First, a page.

Beds, Herts & Bucks

St Albans mother 'beyond upset' at schooling support for autistic son

Girl Image copyright Getty Images
Image caption A charity said there was a lack of provision for children suffering from anxiety

A parent whose autistic son has not had a full education for two years as she battles to get support for him has told how she is "beyond upset".

Denise, from St Albans, Hertfordshire, said her 13-year-old son has a place in a school but his special educational needs (SEN) were not being catered for.

She has fought to get him assessed for an Educational Health Care Plan (EHCP).

Hertfordshire County Council could not comment on the case but said it "works hard" to support children with SEN.

Denise's son was diagnosed with autism, ADHD and auditory processing disorder aged eight.

He is classed as "high-functioning" and was at a private primary school but started year seven in a state secondary in 2017.

Image copyright Family picture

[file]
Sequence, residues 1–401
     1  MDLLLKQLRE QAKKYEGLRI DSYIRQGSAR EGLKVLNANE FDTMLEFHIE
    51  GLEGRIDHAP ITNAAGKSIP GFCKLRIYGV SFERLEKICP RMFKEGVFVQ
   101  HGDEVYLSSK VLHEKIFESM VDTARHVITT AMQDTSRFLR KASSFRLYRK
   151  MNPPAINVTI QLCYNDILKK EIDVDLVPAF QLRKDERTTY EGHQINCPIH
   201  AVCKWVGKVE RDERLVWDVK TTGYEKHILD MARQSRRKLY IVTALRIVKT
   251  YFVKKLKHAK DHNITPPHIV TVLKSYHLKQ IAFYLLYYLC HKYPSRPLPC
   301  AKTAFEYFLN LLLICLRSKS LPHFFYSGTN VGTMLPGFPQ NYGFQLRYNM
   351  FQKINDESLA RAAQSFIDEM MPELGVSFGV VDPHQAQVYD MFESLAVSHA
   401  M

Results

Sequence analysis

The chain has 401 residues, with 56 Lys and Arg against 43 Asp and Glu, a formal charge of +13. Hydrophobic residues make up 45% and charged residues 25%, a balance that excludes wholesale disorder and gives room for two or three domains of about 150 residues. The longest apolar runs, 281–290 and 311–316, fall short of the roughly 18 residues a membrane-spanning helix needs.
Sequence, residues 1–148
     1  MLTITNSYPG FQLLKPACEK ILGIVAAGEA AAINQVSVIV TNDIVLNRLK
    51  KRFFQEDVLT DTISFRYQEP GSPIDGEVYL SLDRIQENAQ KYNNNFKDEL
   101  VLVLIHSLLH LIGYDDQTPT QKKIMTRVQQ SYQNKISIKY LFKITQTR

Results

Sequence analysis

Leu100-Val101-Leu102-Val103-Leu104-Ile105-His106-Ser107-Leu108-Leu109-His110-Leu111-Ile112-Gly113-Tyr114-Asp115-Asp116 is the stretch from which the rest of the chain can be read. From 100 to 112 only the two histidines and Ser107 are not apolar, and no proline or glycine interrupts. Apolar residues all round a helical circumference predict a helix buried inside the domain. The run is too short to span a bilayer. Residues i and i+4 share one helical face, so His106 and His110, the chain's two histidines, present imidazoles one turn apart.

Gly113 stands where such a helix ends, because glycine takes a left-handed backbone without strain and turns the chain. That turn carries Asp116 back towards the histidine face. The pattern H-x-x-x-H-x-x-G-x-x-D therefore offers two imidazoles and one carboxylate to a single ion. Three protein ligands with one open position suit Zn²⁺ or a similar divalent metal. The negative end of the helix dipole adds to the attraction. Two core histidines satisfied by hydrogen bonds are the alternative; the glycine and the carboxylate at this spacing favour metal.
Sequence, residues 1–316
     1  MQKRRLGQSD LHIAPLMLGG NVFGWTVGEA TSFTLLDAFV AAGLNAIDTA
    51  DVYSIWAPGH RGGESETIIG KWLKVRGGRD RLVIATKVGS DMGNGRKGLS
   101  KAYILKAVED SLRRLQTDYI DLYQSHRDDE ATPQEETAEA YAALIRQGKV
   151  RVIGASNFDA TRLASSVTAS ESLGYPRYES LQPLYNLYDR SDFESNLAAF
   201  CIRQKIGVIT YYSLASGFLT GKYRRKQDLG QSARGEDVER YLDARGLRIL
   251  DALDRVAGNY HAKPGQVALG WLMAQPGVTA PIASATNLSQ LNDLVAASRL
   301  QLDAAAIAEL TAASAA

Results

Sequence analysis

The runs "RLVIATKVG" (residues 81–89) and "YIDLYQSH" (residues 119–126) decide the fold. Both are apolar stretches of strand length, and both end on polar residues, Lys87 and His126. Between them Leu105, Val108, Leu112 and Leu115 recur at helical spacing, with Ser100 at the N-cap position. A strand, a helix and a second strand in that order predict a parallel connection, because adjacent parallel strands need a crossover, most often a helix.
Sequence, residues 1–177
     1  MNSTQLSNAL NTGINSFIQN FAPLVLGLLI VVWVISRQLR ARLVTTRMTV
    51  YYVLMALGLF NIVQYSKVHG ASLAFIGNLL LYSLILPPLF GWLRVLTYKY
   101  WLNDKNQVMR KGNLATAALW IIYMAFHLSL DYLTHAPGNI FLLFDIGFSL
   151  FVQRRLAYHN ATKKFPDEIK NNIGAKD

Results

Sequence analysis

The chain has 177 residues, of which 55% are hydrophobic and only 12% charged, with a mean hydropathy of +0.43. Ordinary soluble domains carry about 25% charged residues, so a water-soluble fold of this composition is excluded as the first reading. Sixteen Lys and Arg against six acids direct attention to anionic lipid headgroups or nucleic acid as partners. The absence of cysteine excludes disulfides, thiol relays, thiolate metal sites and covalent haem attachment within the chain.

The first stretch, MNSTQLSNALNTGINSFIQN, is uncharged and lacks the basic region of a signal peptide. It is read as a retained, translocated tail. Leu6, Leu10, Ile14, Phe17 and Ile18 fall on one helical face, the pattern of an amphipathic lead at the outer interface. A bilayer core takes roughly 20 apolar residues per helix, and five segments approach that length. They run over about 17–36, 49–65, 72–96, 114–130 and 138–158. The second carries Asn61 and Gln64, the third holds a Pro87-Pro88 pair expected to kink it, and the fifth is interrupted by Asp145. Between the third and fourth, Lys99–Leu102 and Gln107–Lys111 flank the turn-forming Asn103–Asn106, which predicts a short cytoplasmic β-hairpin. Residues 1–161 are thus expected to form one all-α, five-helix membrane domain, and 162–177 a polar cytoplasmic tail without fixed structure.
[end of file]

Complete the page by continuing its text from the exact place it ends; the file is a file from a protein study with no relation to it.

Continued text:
Image caption At the start of the school term, Denise chose to upload a picture of her front door on social media, without child in front of it and with the hashtag #notbacktoschool.

"His anxiety was so bad he wouldn't leave the house for anything, let alone school," said Denise, who did not want to reveal her surname.

"I'd get him in for a bit and he'd sit in the library, but then he'd be out again."

'Extremely frustrating'

Denise said winning a battle to get her son assessed for an EHCP gave her a "grain of hope" but the overall process had been "extremely frustrating".

"I'm very angry - I've gone beyond upset," she said.

Liz Stanley, of Space, a charity supporting parents and carers of autistic children, said: "Denise is unfortunately not alone.

"Hertfordshire does have a significant lack of provision for those children that, for whatever reason, usually anxiety, actually can't set foot in a classroom.

"There is a massive lack of specialist provision places."

The council said since 2014, 26% of requests for assessment had been turned down.

It said it understood "the concerns of parents and carers".

Teresa Heritage, the councillor responsible for children, young people and families, said there had been a "dramatic increase" in demand for services for children and young people with SEN.

"The demand and cost pressures mean we need whole-system change if we are to meet the increase in need locally," she said. "This is at the heart of our SEN department transformation programme."

The council plans to invest about £3m in improvements over the next two years.

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